skip to main content

Questions of the Week! March 29, 2021

March 29, 2021
Questions of the Week! March 29, 2021 Categories: Newsletter

Friends of ours are having a softscape and hardscape installation done by you and they said you provided them with not only a ground layout but also a  3-Dimensional color representation. Is that right? 

Yes, we believe it is much easier for our customers to make good decisions when they have as much information as possible. Thus, after the initial meeting(s) to determine their priorities, vision of the project and materials they best like we provide them with a ground layout, a 3 dimensional representation, and with involved projects, a virtual walk through of the entire project. Of course, this comes with a written proposal explaining our processes, and all of our performance standards. We send this to the customer for their review and then depending on their preference either meet virtually or in person so we can answer any questions they may have and address any changes they would like to make. Simply stated our goal is to have a final project that the customer is proud to share with family and friends and we feel we can best provide that with quality design and informed discussions. (On a different note, why did you think your friends wouldn't tell you the truth!!!!!)

Aghhh! What is making my lawn look like this?????

The answer is easy: white grubs followed by skunks, raccoons and/or crows. Next Step? Depending on whether or not you want revenge you can use a strong pesticide to kill the grubs and ruin the fun for the critters or you can let the critters have their fun and once they are gone move to the Next Step?  Aerate, over seed, fertilize, and water to begin the restoration of your lost turf. To avoid this problem in future years we suggest pre-emergent grub control be applied around June to eliminate the eggs and the early stages of the grub development. Here there are some new breakthroughs that may be worth a look: First is Acelepryn a "pollinator friendly" product that Lynch Landscaping started using a few years ago as an alternative to imidacloprid upon learning that substance was suspected of having a negative impact on bees. We also tried some organics including Milky Spore and Nematodes but sadly without success. Now there is another "organic" that is receiving good reviews. It is a bio-insecticide, Btg, which is short for Bacillus thuringienus galleria and it is effective against all stages of grub growth as well as being pollinator friendly. Sound too good? Perhaps but we will be testing it on a few "volunteer lawns" including ours this summer and we will keep you posted!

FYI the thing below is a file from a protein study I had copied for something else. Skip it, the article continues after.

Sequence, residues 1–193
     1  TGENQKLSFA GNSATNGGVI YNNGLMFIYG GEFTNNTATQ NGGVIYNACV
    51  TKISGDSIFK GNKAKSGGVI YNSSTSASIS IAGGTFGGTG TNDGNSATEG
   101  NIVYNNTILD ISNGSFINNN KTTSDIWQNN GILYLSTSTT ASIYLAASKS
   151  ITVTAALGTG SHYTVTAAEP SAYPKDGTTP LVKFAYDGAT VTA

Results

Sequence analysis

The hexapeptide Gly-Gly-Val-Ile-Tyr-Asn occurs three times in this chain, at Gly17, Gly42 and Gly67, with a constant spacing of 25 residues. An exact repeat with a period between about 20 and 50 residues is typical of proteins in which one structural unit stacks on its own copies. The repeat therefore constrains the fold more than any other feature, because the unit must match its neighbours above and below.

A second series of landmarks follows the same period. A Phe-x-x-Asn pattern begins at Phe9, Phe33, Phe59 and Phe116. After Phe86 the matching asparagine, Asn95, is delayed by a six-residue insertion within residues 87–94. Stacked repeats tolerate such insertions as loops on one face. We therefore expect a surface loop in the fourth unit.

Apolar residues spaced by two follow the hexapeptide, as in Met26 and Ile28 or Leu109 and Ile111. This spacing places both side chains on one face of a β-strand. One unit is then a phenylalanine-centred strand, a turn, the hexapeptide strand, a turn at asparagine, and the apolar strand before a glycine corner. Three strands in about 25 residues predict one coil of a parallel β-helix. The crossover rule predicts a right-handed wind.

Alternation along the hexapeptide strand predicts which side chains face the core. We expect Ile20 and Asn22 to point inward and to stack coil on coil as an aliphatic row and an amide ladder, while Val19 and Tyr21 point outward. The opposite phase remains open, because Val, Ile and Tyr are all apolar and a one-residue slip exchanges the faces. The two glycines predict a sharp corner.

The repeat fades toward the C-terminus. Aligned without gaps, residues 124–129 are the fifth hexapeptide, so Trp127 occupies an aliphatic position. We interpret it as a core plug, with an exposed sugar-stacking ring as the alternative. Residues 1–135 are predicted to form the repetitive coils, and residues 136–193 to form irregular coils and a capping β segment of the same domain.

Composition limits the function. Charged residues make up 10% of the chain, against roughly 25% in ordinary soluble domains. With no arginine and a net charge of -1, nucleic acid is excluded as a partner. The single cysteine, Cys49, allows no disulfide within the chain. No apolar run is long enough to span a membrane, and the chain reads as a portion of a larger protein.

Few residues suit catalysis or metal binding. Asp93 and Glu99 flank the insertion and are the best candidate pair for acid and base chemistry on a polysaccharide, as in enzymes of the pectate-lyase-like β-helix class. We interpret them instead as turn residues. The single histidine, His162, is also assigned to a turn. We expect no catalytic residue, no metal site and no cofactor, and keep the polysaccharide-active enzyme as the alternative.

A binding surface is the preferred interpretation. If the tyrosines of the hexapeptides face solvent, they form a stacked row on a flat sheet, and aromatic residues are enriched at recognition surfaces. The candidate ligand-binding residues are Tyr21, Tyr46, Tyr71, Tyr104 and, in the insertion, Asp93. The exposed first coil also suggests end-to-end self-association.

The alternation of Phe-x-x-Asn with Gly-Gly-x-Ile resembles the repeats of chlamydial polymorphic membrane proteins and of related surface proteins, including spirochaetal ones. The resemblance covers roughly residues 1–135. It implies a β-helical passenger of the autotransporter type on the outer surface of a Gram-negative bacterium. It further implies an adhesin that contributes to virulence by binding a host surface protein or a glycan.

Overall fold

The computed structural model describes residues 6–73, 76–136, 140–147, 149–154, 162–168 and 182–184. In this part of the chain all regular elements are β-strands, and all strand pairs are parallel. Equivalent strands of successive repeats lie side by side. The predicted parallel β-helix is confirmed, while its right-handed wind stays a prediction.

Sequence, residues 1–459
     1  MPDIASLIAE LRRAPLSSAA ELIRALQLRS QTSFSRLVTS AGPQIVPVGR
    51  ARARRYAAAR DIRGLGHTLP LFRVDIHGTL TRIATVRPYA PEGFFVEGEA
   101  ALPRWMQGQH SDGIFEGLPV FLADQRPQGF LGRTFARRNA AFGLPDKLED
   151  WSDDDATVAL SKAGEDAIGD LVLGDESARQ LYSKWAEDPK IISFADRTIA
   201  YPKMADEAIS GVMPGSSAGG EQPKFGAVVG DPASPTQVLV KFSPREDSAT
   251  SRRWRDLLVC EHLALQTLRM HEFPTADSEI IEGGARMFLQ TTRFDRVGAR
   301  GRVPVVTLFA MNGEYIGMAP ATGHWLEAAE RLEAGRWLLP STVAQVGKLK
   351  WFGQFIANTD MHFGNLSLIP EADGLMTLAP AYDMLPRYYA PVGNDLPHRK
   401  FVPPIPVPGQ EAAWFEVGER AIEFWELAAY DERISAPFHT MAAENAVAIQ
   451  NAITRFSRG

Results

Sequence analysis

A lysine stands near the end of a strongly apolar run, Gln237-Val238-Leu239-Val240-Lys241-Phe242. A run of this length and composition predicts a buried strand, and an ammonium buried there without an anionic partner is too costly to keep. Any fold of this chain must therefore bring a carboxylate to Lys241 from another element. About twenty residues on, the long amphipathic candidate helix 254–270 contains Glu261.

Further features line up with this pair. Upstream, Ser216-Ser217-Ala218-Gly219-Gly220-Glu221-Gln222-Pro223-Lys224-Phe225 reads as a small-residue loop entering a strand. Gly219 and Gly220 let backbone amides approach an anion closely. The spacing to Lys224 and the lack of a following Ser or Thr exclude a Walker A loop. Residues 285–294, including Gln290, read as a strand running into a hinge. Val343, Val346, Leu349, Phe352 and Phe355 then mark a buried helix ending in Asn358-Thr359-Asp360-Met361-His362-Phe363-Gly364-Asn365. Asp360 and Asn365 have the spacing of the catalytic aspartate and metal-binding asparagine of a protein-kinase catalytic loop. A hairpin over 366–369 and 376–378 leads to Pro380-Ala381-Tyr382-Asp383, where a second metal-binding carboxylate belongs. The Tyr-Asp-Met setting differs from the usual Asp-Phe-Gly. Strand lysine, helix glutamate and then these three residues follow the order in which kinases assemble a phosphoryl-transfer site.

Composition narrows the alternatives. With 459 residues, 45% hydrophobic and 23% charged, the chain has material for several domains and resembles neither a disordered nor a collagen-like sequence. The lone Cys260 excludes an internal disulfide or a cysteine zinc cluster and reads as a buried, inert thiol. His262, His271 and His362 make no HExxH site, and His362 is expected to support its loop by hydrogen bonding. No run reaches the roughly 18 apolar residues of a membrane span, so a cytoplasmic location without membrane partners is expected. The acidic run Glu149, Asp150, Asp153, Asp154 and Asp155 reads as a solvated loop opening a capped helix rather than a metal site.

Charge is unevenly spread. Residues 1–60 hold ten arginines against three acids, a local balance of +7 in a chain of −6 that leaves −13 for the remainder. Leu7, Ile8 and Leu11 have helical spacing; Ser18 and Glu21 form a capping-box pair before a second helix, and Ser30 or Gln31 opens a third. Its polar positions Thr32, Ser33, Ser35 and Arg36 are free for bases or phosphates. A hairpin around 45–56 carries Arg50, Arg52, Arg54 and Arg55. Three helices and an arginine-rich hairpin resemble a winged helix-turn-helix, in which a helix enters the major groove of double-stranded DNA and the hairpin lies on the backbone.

(Want to be a volunteer lawn? Give Jerry a call at (207) 329-7168 or drop him a line at )

What kind of training do your different divisions have before undertaking a mowing, landscape install, or a bed maintenance project.

A lot! A person new to our company goes through a day and a half of training prior to even going to the company work area. This training is based on the National Association of Landscape Professionals standards, Lynch Landscaping standards and the state and federal safety laws. The training is delivered remotely by Greenius (a landscape education firm)  and the Lynch Landscape staff. It includes such topics as professional safety, personal respect and responsibility, the implications of Covid-19 in the workplace, equipment safety, basic first aid, and that is just the beginning. We continue training and depending on the division a person is assigned to they can complete up to 100 additional skill sets to prepare them for different levels of participation in that division. Once a person has completed instruction in a specific skill set successfully they are field tested and if proficient they are awarded a recognition emblem, a completion bonus and assigned to a "guide" in the field. We believe this training is not only a commitment to the success of our employees but also a commitment to our customers.

Thought of the week:

This time of year we never know who may show up at our office, give us a call on the phone, or drop us an email. This past week it has included a good friend and former employee who over the winter had quintuple bypass surgery, a great customer and friend who dedicated his life to fixing animals and now is working "pro bono" to protect special places in our state, another friend who enjoys following Tesla and sharing head scratching information about Elon Musk, two people who shared that they (and I) have no understanding of bitcoin, a young man of seven who proudly stated he helps his grandad butcher pigs, a felon wondering if we might give him a second chance at life, a salesperson who couldn't figure out why we don't advertise on the radio, a relative wondering if he should buy an apartment house, a lady wondering when deliveries of compost might begin (next Saturday), two wonderful granddaughters who wanted to know if I knew why cows wore bells? This is truly a great adventure where we have the opportunity to meet so many good people and be a part of so many wonderful places. Oh, I almost forgot: the reason cows wear bells is because their horns don't work! Have a great week and remember to stop and enjoy the many wonderful people and things around you! 

< Back to the blog